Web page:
Yasmina Jraissati of the RAYA Agency — a finalist for one of the 2019 London Book Fair awards in the literary agenting category — announced three new and forthcoming titles by high-profile authors that she’s added to her spring list:
The three are:
Jabbour Douaihy’s The King of India (April 2019 – Dar al-Saqi)
Zakaria is back to Tall Safra, his mountainous Lebanese hometown, after a decade spent abroad. Quiet and secretive, he keeps an empty wine bottle with a curious label, “Mary”, and a long tube, in his locked room. He says he plans to plant some vines, in their family owned land of Mahmoudiya, an old family dream, rendered impossible by even older gruges with neighboring land owners. A couple of months later, Zakaria is found shot dead, against the trunk of a tree, in that same land.
The investigation into his death begins, while people in the village, including his sister Marta, have already decided that Zakaria’s cousins are responsible. The latter feel they were wrongfully disinherited by their grandfather, and consider themselves rightful co-owners of the land. They therefore have a motive to murder Zakaria. But they are not the only ones: Following a sectarian blood-shed in Mount Lebanon in the 1860s, the Druze family of Al Naked was disowned, and the land given to the family of the victim, their Christian partner, Zakaria’s family. Perhaps Zakaria’s return and his desire to cultivate the land has stirred ancient buried resentment.
As inspector Kamal Abou Khaled investigates, the reader discovers Zakaria’s past, his love of women, the Chaghal painting he stole from one of his lovers and was ment to sell to someone in Lebanon (did he know the painting was a fake?), his passion for Jane Moloy, the daughter they had together and that he raised alone in the USA. The reader also discovers how Mary, Zakaria’s daughter died in a shooting at her school, making the hypothesis of suicide a plausible one.
Inspector Kamal’s investigation also leads the reader into the meaning of land ownership. A beautiful chapter, at the heart of the novel, explains the laws and circumstances around Mahmoudiya’s sad fate and its dying trees. Sectarianism sometimes runs so deep, that it makes it impossible for anyone to enjoy the land, or even for the land to live.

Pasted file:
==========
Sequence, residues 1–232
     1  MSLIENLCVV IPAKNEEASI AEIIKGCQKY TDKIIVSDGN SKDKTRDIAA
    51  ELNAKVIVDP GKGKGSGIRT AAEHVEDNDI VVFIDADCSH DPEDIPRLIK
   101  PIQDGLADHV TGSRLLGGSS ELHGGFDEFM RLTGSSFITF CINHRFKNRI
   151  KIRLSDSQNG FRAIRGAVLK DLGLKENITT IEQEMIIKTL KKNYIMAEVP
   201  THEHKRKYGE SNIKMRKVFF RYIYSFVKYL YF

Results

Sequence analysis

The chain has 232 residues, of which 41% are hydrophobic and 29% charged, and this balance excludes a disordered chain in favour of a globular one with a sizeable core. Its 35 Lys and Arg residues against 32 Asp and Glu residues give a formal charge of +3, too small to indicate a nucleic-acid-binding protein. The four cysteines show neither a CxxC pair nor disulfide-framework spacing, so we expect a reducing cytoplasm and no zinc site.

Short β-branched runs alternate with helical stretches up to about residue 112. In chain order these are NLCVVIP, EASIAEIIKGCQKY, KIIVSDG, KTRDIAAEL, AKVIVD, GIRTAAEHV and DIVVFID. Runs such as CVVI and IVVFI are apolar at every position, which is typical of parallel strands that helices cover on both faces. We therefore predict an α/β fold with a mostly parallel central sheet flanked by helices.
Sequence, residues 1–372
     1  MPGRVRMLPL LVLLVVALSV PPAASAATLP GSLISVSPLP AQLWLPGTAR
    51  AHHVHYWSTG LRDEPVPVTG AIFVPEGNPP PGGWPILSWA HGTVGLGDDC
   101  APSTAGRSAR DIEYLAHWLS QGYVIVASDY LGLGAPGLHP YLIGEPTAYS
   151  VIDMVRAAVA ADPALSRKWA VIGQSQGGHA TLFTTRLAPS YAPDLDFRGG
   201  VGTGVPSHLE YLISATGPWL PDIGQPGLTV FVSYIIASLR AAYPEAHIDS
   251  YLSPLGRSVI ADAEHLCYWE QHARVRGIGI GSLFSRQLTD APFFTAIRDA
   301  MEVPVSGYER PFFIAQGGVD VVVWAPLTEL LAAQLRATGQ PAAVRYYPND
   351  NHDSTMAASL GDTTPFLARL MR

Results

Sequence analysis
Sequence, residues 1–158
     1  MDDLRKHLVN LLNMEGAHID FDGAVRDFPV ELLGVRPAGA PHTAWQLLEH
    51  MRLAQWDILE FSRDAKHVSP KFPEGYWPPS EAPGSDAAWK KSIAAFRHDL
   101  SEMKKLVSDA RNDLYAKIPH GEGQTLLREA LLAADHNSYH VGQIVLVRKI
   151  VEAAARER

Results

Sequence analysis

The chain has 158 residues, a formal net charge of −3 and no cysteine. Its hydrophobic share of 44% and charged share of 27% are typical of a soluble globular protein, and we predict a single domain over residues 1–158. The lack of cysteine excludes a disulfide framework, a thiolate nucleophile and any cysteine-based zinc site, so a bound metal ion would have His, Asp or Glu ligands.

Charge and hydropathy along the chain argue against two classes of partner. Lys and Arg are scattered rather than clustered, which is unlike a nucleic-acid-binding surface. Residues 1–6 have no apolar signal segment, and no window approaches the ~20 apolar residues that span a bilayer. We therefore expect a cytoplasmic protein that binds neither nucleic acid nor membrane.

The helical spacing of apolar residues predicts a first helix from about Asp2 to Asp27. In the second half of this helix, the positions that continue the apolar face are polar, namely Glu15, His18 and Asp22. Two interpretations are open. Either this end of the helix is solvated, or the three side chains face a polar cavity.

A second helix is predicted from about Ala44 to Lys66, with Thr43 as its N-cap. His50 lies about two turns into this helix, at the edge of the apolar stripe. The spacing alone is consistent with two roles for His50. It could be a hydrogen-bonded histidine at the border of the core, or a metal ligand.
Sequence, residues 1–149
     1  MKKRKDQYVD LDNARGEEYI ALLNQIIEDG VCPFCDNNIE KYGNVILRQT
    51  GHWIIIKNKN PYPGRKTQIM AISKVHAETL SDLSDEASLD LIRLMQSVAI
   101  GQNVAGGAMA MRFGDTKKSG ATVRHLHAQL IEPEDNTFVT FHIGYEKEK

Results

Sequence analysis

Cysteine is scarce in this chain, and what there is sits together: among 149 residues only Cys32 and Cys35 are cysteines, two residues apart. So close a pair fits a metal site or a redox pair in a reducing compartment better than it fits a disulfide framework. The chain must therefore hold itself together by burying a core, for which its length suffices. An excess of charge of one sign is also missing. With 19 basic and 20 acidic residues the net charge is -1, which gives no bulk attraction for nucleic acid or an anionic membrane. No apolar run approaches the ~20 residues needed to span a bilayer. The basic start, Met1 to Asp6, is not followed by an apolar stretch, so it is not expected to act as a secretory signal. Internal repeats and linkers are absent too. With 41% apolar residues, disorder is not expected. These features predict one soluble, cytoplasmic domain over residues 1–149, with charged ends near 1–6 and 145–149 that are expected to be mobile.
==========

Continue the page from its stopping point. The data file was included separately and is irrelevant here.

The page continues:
Douaihy has been twice shortlisted and once longlisted for the International Prize for Arabic Fiction, and has won the Prix de la Littérature Arabe. Paula Haydar‘s translation of his June Rain was the highly commended runner-up of the 2014 Banipal Prize for Arabic Literary Translation. She also translated his The American Quarter and the satiric Printed in Beirut.
Khaled Khalifa’s No One Prayed Over Their Graves (May 2019 – Naufal, Hachette-Antoine)
Hanna and Zakaria reached Hosh Hanna, their village located not far from Aleppo, on a dreadful morning of December 1907, a few hours after the flood. The river had taken the lives of most the villagers, including their loved ones, Hanna’s wife and baby, as well as Zakaria’s baby, not to mention destroyed most of the homes, and Zakaria’s precious stables. Their insatiable pursuit of pleasure is what saved them from drowning. As per usual during the winter season, Zakaria and Hanna had spent the night in the Castle, several kilometers away. That building, commissioned by Hanna and designed by their architect friend Azar, was the palace of luxure, a place where Hanna, Zakaria and their friends would spend time laughing at life – and death – drinking the best wines, and enjoying the company of the most beautiful women. This life of carelessness ended with the flood. From a powerful, libertine, and rich land owner, Hanna will turn into a mystic, obsessed with death and the meaning of life. While he only seeks to be free from human constraints and as close as possible to nature, Hanna will find he has gone from being a slave of the Castle, to being a slave of the Monastery of Zahr El Rumman. He is the one to have commissioned both buildings, and while pleasure is what kept him a captive of the Castle, people’s faith and thirst for miracles (aided by the ambitions of Marianna, another flood survivor), made sure he would never leave the Monastery.